Citizens International strongly condemns the conviction and death sentence passed by the much-criticised Bangladesh International Crimes Tribunal-2 (ICT-2) on the Secretary General of Bangladesh Jamaat-e-Islami Ali Ahsan Mohammad Mujahid.
The death sentence imposed on Mujahid is the continued judicial lynching of the top leadership of the Jamaat. Earlier, Jamaat deputy chief Delwar Hossain Sayedee and assistant secretary general Muhammad Kamaruzzaman were convicted and sentenced to death by the two international crimes tribunals set up by Prime Minister Sheikh Hasina’sAwami League (AL) government.
Several other top Jamaat leaders have been lined up to go through the judicial charade and to be executed in Bangladesh. Prime Minister Sheikh Hasina had warned: “…no one will be able to stop the trial of war criminals. They will be executed on this soil” (The Daily Star, 3 March 2013).
The only crime committed by the Jamaat leaders was to oppose, in 1971, the armed movement, supported by India and led by Hasina’s father Sheikh Mujibur Rahman, that wanted East Pakistan to break away from Pakistan and declare independence. 42 years after the 1971 civil war, Hasina and secular fundamentalist intellectuals and organisations are using the judiciary to take revenge on their enemies and to eliminate Islamic political parties.
The ICT has been widely criticised by human rights groups, United Nations bodies and renowned legal scholars for failing to adopt international standards to ensure a fair trial and adequate protection of the rights of the accused. The judges appointed to ICT owe their position to the Awami League government headed by Prime Minister Sheikh Hasina.
The cases have been based on fabricated and 4th degree hearsay evidence. It is incredible that for over 40 years no evidence could be found to prosecute and punish these leaders who have been active in politics and social life in Bangladesh. The ‘evidence’ only begins to emerge after 2008 when the AL won the elections with a thumping majority and agreed to prosecute the Jamaat leaders as ‘war criminals’ to satisfy the demands of the secular fundamentalists and to break up the Bangladesh Nationalist Party (BNP)-Jamaat alliance.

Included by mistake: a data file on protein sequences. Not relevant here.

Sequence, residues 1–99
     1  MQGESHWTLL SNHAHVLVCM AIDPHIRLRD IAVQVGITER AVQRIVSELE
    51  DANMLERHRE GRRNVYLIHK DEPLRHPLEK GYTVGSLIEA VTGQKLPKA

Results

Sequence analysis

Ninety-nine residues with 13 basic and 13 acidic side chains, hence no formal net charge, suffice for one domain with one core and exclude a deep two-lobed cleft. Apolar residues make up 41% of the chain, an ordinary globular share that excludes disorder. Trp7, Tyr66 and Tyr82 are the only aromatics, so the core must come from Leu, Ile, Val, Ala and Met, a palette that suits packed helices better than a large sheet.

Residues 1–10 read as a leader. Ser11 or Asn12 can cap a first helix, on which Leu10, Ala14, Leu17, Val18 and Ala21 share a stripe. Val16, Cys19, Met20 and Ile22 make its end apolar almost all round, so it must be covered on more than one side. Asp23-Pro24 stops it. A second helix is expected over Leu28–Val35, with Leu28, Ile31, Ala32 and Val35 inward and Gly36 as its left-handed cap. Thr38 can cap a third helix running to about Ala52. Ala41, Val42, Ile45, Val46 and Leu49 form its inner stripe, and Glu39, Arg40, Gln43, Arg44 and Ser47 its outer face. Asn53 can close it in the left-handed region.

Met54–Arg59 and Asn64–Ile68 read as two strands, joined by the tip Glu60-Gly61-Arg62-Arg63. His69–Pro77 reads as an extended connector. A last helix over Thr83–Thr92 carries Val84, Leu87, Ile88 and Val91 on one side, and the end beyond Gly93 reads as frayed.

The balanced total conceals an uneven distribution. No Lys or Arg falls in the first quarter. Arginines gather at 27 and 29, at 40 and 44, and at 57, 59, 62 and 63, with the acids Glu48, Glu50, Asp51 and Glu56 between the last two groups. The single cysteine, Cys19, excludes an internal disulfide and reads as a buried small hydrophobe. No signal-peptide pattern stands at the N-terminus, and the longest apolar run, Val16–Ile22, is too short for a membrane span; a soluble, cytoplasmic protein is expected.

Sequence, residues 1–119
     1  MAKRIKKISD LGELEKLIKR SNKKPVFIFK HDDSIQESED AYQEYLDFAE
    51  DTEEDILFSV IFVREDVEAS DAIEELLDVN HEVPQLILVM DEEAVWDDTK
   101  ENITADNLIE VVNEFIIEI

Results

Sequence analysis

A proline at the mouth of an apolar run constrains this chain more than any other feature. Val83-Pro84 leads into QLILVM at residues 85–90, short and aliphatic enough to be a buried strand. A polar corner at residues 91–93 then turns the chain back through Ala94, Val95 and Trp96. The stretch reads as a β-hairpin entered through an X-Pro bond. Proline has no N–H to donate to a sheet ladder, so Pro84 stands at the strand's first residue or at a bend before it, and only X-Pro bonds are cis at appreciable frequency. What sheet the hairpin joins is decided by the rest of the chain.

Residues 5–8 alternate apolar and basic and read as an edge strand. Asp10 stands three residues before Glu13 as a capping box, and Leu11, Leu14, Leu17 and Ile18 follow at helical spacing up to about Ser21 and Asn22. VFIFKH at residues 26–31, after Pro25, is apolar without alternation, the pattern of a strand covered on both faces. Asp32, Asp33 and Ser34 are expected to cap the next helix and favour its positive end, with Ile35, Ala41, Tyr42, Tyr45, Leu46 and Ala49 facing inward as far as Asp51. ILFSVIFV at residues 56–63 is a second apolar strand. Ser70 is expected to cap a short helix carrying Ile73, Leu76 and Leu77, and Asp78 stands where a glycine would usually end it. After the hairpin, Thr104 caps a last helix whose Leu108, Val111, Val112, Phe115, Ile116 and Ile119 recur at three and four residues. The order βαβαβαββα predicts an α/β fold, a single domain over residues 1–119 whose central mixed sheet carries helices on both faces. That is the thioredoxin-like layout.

The trials are flawed by the bias displayed by the judges hearing the cases. Documents were allowed to be put in by the Prosecution without calling the makers. The prosecutor wilfully misled the court on the availability of witnesses whose documents were admitted as evidence. A Defence witness Sukranjan Bali was abducted by the police at the doorsteps of the court. No enquiry was ordered when the abduction of Bali and the prosecutor’s misconduct were brought to the attention of the judges, supported by strong evidence.
Judges were changed in the middle of the trial and they decided the case without hearing the witnesses testify orally in court. The trials are nothing but show trials to justify to the Bangladesh public the decision taken by the government to eliminate Jamaat and its leaders.
With the publication in the British weekly The Economist and the Bangladesh daily Amar Desh the Skype conversations and emails between the ICT-1 Chairman Justice Ziaul Haq and Jamaat-hater Dr Ahmed Ziauddin, it is now public knowledge that there has been collusion among the judges, prosecutors, government ministers and Ziauddin to convict the Jamaat leaders. Even the Chief Justice is implicated in this plot to pervert the course of justice. Ziauddin, who lives in Belgium, was directing the trials, preparing judgment and orders, advising the judge and prosecutors on the choice of witnesses and dealing with applications by the defendants.
The death sentences passed on the Jamat leaders, if carried out, would amount to judicial murder. The Haq-Ziauddin communication signals the collapse of the independence and impartiality of the judiciary in Bangladesh. The international community, in particular the United Nations, cannot remain idle in the face of judicial murder taking place in this 21st century when humankind is celebrating the triumph of democracy, human rights and the rule of law.
We call on the United Nations Security Council to take effective action to pressure the Awami League government to discontinue the trials and to set up an independent tribunal to investigate the war crimes committed during the 1971 civil war and to prosecute and punish those responsible, regardless of party affiliation, for those crimes. This is the road that must be taken to do justice to the victims of the crimes and their families, and achieve national reconciliation.
S.M. Mohamed Idris